A Baby Girl Born To a Partially Vaccinated Healthcare Worker
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A baby girl born three weeks after her mom got the first dose of Moderna's COVID-19 vaccine has antibodies against the virus. After getting the shot, the mom developed COVID-19 antibodies. Testing revealed those antibodies passed through the placenta to offer some potential protection to her future child.

While past reports have shown how moms who've had COVID-19 can deliver babies with antibodies, the authors believe theirs is the first to record how vaccines during pregnancy may do the same. Authors called their report a lucky opportunity study, since they were able to find, and follow, a pregnant person who never tested positive for COVID but got the vaccine late in pregnancy and early in the rollout.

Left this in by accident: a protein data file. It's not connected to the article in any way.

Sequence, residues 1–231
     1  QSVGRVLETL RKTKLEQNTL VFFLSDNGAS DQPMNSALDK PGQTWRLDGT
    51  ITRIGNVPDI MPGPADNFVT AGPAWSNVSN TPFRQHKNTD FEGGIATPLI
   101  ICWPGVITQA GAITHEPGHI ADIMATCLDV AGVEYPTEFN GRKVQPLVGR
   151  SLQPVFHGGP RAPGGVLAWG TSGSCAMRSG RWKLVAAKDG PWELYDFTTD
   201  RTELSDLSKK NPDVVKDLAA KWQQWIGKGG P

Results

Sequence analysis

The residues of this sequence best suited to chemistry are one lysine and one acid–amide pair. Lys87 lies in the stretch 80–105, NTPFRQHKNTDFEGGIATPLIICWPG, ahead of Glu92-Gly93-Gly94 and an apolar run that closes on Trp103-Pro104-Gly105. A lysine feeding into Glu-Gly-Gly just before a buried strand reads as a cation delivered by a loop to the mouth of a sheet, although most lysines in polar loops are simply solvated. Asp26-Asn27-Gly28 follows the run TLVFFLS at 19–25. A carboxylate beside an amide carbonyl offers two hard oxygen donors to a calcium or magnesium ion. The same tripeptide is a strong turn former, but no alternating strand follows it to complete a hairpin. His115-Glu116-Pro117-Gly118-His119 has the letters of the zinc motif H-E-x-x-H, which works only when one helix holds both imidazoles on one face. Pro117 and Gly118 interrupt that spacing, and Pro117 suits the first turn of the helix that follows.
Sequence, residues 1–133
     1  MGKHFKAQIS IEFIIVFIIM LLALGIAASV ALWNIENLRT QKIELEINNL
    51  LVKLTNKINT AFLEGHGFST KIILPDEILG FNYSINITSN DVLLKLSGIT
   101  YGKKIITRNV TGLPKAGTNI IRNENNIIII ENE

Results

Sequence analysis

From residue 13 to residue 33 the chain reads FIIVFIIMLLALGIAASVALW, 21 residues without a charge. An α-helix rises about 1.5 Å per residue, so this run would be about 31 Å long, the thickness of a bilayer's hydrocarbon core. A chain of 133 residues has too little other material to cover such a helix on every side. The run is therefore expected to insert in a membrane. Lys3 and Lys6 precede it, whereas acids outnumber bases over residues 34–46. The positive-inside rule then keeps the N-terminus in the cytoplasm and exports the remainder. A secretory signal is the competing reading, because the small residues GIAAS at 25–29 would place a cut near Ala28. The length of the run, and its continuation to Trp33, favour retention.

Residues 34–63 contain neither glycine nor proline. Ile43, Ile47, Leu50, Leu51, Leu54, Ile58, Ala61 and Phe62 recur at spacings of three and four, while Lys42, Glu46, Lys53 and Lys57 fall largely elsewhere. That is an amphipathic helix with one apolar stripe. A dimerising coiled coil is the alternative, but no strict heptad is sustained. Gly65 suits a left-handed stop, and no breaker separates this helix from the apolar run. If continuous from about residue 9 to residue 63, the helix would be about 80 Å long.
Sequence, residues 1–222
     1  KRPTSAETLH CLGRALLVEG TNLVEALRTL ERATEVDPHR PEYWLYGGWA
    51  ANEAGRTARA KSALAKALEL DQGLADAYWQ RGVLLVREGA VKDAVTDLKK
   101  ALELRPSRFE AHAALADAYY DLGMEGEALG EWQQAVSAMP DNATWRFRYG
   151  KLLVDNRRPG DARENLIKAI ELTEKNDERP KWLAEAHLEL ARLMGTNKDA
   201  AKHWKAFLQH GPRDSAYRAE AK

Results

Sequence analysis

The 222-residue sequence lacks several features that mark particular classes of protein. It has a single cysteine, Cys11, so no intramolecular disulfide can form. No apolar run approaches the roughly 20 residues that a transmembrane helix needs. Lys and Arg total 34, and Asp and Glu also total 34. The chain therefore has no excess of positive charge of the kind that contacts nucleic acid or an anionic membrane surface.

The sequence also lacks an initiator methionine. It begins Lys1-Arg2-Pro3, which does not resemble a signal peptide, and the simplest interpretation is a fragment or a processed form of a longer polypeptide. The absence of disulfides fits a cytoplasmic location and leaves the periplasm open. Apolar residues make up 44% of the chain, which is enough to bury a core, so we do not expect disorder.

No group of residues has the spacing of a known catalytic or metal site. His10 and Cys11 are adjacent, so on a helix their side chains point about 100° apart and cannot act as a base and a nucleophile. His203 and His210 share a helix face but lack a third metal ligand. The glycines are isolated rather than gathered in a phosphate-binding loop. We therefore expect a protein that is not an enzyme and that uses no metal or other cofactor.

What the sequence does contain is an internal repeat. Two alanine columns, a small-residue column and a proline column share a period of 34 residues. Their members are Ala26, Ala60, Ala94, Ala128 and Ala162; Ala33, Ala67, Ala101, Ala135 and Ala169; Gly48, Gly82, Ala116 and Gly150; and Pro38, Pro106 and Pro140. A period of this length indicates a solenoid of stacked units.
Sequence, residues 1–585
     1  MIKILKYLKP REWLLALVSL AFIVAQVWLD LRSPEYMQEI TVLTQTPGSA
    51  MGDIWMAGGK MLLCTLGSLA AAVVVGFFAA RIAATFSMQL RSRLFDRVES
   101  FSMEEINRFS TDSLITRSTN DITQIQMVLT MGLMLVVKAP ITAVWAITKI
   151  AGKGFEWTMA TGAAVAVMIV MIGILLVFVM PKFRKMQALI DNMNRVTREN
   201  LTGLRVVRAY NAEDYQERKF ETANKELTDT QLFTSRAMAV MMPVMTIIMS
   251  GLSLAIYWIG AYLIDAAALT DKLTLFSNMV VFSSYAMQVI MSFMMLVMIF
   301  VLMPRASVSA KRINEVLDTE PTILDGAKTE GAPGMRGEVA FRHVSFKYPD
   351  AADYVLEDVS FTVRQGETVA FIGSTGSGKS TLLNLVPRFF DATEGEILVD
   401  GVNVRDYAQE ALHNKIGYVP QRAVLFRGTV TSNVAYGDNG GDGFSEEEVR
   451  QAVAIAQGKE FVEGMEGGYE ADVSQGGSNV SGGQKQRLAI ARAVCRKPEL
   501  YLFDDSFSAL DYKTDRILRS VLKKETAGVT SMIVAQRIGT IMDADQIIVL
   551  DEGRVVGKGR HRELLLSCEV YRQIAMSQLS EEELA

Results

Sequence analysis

When the baby was born, the doctors tested her cord blood for antibodies made from the vaccine, along with conducting other typical tests like for blood type. They were able to detect COVID-19 IgG antibodies, suggesting the baby has some protection against the virus, though how much or how long it lasts isn't clear.

Future research should illuminate if there's an ideal time for a pregnant person to get vaccinated to maximize protection against the virus for her child. The authors say their results were expected based on what's known about how the vaccine and others recommended during pregnancy like the flu vaccine, work.

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